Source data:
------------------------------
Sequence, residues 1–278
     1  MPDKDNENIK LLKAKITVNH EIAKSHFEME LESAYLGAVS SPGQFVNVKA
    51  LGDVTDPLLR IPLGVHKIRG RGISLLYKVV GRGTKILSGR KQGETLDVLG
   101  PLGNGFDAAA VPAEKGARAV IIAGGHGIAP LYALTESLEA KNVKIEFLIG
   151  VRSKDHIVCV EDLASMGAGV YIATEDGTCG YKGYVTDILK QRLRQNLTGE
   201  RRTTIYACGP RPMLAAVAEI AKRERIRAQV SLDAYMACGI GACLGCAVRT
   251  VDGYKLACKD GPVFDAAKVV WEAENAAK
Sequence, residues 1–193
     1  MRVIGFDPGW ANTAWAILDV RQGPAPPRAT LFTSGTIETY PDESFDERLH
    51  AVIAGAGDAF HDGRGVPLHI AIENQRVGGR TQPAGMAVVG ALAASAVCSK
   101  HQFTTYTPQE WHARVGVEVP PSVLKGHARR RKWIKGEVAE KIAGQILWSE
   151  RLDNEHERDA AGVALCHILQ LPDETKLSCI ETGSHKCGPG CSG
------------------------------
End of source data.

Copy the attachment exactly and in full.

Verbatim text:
Sequence, residues 1–278
     1  MPDKDNENIK LLKAKITVNH EIAKSHFEME LESAYLGAVS SPGQFVNVKA
    51  LGDVTDPLLR IPLGVHKIRG RGISLLYKVV GRGTKILSGR KQGETLDVLG
   101  PLGNGFDAAA VPAEKGARAV IIAGGHGIAP LYALTESLEA KNVKIEFLIG
   151  VRSKDHIVCV EDLASMGAGV YIATEDGTCG YKGYVTDILK QRLRQNLTGE
   201  RRTTIYACGP RPMLAAVAEI AKRERIRAQV SLDAYMACGI GACLGCAVRT
   251  VDGYKLACKD GPVFDAAKVV WEAENAAK
Sequence, residues 1–193
     1  MRVIGFDPGW ANTAWAILDV RQGPAPPRAT LFTSGTIETY PDESFDERLH
    51  AVIAGAGDAF HDGRGVPLHI AIENQRVGGR TQPAGMAVVG ALAASAVCSK
   101  HQFTTYTPQE WHARVGVEVP PSVLKGHARR RKWIKGEVAE KIAGQILWSE
   151  RLDNEHERDA AGVALCHILQ LPDETKLSCI ETGSHKCGPG CSG